salt

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salt

 [sawlt]
1. any compound of a base and an acid.
3. in the plural, a saline cathartic.
bile s's glycine or taurine conjugates of bile acids, which are formed in the liver and secreted in the bile. They are powerful detergents that break down fat globules, enabling them to be digested.
buffer salt a salt in the blood that is able to absorb slight excesses of acid or alkali with little or no change in the hydrogen ion concentration.
Epsom salt magnesium sulfate.
Glauber's salt sodium sulfate.
oral rehydration s's (ORS) a dry mixture of sodium chloride, potassium chloride, dextrose, and either sodium citrate or sodium bicarbonate; dissolved in water for use in oral rehydration therapy.
smelling s's aromatic ammonium carbonate, a stimulant and restorative.
Miller-Keane Encyclopedia and Dictionary of Medicine, Nursing, and Allied Health, Seventh Edition. © 2003 by Saunders, an imprint of Elsevier, Inc. All rights reserved.

salt

(sawlt),
1. A compound formed by the interaction of an acid and a base, the ionizable hydrogen atoms of the acid are replaced by the positive ion of the base.
2. Sodium chloride, the prototypical salt. Synonym(s): table salt
3. A saline cathartic, especially magnesium sulfate, sodium sulfate, or Rochelle salt; often denoted by the plural, salts.
Synonym(s): sal
[L. sal]
Farlex Partner Medical Dictionary © Farlex 2012

salt

(sôlt)
n.
1. A colorless or white crystalline solid, chiefly sodium chloride, used as a food seasoning and preservative.
2. A chemical compound replacing all or part of the hydrogen ions of an acid with metal ions or electropositive radicals.
3. salts Any of various mineral salts, such as magnesium sulfate, sodium sulfate, or potassium sodium tartrate, used as laxatives or cathartics.
4. salts Smelling salts.
5. salts Epsom salts.
The American Heritage® Medical Dictionary Copyright © 2007, 2004 by Houghton Mifflin Company. Published by Houghton Mifflin Company. All rights reserved.

SALT

Abbreviation for:
serum alanine aminotransferase
skin-associated lymphoid tissue
speech and language therapist 
speech and language therapy 
Swedish Aspirin Low-dose Trial
Segen's Medical Dictionary. © 2012 Farlex, Inc. All rights reserved.

SALT

Oncology
1. Sequential aggressive local therapy.
2. Skin-associated lymphoid tissue. See MALT.
McGraw-Hill Concise Dictionary of Modern Medicine. © 2002 by The McGraw-Hill Companies, Inc.

salt

(sal) (sawlt)
1. A compound formed by the interaction of an acid and a base, the ionizable hydrogen atoms of the acid being replaced by the positive ion of the base.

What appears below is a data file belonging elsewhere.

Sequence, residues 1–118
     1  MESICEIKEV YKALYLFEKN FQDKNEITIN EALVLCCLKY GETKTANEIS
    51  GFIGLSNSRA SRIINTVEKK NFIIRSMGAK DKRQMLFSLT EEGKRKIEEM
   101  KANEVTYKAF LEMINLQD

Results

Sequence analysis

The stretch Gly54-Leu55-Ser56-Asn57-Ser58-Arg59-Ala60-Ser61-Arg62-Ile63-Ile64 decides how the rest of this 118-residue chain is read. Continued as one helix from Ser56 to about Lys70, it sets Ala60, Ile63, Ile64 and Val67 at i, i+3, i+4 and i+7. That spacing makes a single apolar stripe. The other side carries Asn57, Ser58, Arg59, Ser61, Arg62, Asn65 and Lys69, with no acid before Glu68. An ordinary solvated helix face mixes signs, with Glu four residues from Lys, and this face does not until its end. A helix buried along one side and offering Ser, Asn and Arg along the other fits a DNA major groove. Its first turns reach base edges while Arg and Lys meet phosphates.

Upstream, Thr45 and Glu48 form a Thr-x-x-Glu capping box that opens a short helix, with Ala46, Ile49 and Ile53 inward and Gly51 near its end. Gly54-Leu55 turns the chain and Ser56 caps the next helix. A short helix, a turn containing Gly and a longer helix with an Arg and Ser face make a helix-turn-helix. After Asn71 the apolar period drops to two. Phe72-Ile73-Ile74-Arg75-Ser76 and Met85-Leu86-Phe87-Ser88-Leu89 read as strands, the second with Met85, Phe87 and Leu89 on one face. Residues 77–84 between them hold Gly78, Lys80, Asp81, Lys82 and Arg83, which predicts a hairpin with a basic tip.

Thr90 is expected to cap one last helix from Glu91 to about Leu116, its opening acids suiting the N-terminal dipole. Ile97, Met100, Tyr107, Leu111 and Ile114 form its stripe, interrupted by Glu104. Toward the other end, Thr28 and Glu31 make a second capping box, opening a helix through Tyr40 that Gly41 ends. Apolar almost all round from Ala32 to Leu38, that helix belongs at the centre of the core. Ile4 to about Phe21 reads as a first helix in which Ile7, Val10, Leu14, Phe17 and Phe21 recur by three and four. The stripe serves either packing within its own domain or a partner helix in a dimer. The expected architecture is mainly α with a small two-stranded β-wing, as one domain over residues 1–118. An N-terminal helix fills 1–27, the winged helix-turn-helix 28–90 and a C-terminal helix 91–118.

2. Sodium chloride, the prototypical salt.
3. A saline cathartic, especially magnesium sulfate, magnesium citrate, or sodium phosphate; often denoted by the plural, salts.
[L. sal]
Medical Dictionary for the Health Professions and Nursing © Farlex 2012

salt

1. Any substance that dissociates in solution into ions of opposite charge.
2. Common salt, sodium chloride (NaCl).
Collins Dictionary of Medicine © Robert M. Youngson 2004, 2005

salt

(sawlt)
1. Compound formed by interaction of an acid and a base, the ionizable hydrogen atoms of the acid are replaced by the positive ion of the base.
2. Sodium chloride.
[L. sal]
Medical Dictionary for the Dental Professions © Farlex 2012

Patient discussion about salt

Q. What steps do you take when your physician says your sodium is low

A. Drugs That May Be Prescribed By Your Doctor for Hyponatremia(low sodium):

Sodium levels must be corrected carefully. If your blood test results indicate you have a very low sodium level, your healthcare provider will cautiously correct the levels, to a "safe level."

Intravenous (IV) fluids with a high-concentration of sodium, and/or diuretics to raise your blood sodium levels.

Loop Diuretics - also known as "water pills" as they work to raise blood sodium levels, by making you urinate out extra fluid. The fluid that is lost (called "free water") is usually replaced with an IV solution that contains a high level of sodium.

A common example of this type of medication is Furosemide (e.g Lasix). You may receive this medication alone or in combination with other medications.

More discussions about salt
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References in periodicals archive ?
The application of common salt (table or cooking salt) to the umbilical granuloma is a simple, highly effective, and inexpensive form of treatment without any complications or relapse.
Procedure for copper sulphate / common salt application over umbilical granuloma (7): Cleanse umbilical area when soiled with urine or faeces.
Common salt plays significant role in meat proteins extraction that is responsible for water and fat binding and ultimately stabilizing the meat batter.
To start I ordered salt and pepper squid, a less fiery version of the more common salt and chilli staple.
One could argue with similar logic that because sodium and chlorine, for instance, are toxic substances, we should avoid eating common salt!
Simon Ranger, chief executive at Seagreens, said: "Seaweed has already been shown to offer significant benefits in connection with cardiovascular health, where common salt in the form of sodium chloride is contra-indicated.
Common salt, or sodium chloride, is a chemical compound of sodium and chlorine in the ratio of 39.3% to 60.7%.
Klinge Foods, tel:0135 323 8464, are the suppliers of LoSalt which, when used as a replacement for common salt, offers a 660% reduction in sodium intake without sacrificing the flavour associated with common salt, they assure us.
Klinge Foods, tel:0135 523 8464, remind readers that as consumer concerns over the levels of common salt in processed food increase, manufacturers should be aware of the potential for increased sales via reduced sodium products.